Only a “massive” and immediate scaling-up of funds and humanitarian relief can save Somalia from famine, a UN spokesperson has warned, as aid workers report children starving to death “before our eyes” amid rapidly escalating levels of malnutrition.
In a message to G7 leaders who are meeting from Sunday in Germany, Michael Dunford, the World Food Programme’s (WFP) regional director for east Africa, said governments had to donate urgently and generously if there was to be any hope of avoiding catastrophe in the Horn of Africa country.
“We need money and we need it now,” said Dunford. “Will we able to avert [a famine in Somalia]? Unless there is … a massive scaling-up from right now, it won’t be possible, quite frankly. The only way, at this point, is if there is a massive investment in humanitarian relief, and all the stakeholders, all the partners, come together to try to avert this.”
The Horn of Africa has suffered four consecutive failed rainy seasons and is experiencing its worst drought in four decades, a climate shock exacerbated by ongoing conflict and price rises caused by the Russian invasion of Ukraine. Across the whole of east Africa, 89 million people are now considered “acutely food insecure” by the WFP, a number that has grown by almost 90% in the past year.
“Unfortunately, I do not see [that rate of growth] slowing down. If anything, it seems to be accelerating,” said Dunford.
Last year, the UK and other G7 leaders promised to provide $7bn (£5.7bn) to help countries prevent famine, but appeals for east Africa have not managed to raise enough funds to stave off hunger.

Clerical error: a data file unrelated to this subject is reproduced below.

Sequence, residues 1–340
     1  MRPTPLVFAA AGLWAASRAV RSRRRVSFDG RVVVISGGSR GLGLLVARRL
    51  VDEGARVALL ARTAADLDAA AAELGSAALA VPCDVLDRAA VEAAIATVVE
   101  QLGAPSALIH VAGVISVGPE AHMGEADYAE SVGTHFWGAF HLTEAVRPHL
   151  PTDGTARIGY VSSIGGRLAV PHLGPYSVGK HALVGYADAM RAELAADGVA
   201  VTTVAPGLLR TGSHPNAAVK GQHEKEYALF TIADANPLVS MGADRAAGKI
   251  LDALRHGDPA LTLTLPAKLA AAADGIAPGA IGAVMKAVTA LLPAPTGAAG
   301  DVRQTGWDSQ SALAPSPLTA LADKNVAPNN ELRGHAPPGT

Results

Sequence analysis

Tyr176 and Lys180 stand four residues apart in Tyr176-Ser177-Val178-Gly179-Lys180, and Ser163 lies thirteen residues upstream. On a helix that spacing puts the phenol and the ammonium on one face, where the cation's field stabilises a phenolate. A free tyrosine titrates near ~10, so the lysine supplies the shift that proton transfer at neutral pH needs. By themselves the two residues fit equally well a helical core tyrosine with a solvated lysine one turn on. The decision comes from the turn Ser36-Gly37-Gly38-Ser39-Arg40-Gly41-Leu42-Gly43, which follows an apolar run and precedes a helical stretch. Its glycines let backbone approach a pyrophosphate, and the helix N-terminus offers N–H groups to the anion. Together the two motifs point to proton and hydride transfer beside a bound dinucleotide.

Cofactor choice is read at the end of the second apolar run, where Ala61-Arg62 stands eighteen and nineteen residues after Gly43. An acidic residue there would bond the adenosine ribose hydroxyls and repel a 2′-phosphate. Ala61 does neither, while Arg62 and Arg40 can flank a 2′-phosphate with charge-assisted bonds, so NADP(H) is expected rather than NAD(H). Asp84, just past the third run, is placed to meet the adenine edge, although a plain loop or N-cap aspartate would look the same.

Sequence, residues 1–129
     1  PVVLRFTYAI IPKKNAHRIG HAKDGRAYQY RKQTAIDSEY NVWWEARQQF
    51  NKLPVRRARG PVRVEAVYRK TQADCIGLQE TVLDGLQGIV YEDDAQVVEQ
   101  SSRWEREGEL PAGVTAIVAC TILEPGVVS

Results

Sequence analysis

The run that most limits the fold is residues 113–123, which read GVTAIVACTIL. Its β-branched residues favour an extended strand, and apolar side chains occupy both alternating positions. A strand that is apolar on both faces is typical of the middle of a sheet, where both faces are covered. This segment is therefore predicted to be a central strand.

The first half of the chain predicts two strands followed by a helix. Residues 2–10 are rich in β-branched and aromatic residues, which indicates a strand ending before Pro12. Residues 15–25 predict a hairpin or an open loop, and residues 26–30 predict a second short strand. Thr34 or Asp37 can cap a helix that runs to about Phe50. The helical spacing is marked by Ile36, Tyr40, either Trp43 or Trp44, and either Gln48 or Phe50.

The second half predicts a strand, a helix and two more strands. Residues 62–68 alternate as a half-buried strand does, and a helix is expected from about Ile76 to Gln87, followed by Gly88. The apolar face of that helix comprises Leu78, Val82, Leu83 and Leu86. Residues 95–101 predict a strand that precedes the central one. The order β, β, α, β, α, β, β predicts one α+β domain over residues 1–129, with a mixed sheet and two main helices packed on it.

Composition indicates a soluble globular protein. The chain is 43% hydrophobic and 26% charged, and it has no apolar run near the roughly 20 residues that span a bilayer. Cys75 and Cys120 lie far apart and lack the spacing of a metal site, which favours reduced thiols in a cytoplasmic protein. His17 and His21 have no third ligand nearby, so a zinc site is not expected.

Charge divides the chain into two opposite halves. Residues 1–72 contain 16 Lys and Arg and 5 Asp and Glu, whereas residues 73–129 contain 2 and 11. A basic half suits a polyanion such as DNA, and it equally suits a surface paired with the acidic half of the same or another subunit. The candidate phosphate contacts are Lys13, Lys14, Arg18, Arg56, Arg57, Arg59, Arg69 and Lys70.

Now those same leaders are being urged to commit to an immediate funding package as Somalia, the worst-affected country, descends into catastrophe. By September, at least 213,000 people in the worst-hit areas are expected to be facing famine, according to the latest Integrated Food Security Phase Classification (IPC) report.
On a recent visit to the country, Claire Sanford, deputy humanitarian director of Save the Children, said she met mothers who had already buried multiple children in the last year, and whose surviving children were now suffering severe malnutrition. One acutely malnourished three-month-old baby whom Sanford met “never made it through the night, and we heard of a number of stories where that was the case”.
“I can honestly say in my 23 years of responding to humanitarian crisis, this is by far the worst I’ve seen, particularly in terms of the level of impact on children,” she said. “The starvation that my colleagues and I witnessed in Somalia has escalated even faster than we feared.”
In 2011, Somalia experienced a famine that killed more than 250,000 people, mostly children, but Sanford said many of the people she met said the conditions now were even worse.
“We have genuinely failed as an international community that we have allowed the situation to get to the extent it is at the moment. In 2011, we vowed as a community that we would never, ever let this happen again. And yet we have failed in that promise,” she added.
Dunford said inadequate funding had hampered efforts to learn from the 2011 famine. “We are seeing children dying before our eyes, seeing populations that have lost their livelihoods. It’s not that we didn’t learn the lessons of 2011; there was a lot of very good learning from that crisis. It’s just we haven’t been able to implement it to the extent required because of the lack of funding.”
In April, the UN had received only 3% of funds for its $6bn appeal for Ethiopia, Somalia and South Sudan.
Danny Sriskandarajah, chief executive of Oxfam GB, said the current crisis was partly due to the British government’s “compassion failure” and decision to slash the overseas aid budget by £4.6bn last year.
According to the latest IPC assessment for Somalia, an estimated 1.5 million under-fives face acute malnutrition by the end of the year, including 386,400 who are likely to be severely malnourished. Those numbers are only expected to go up.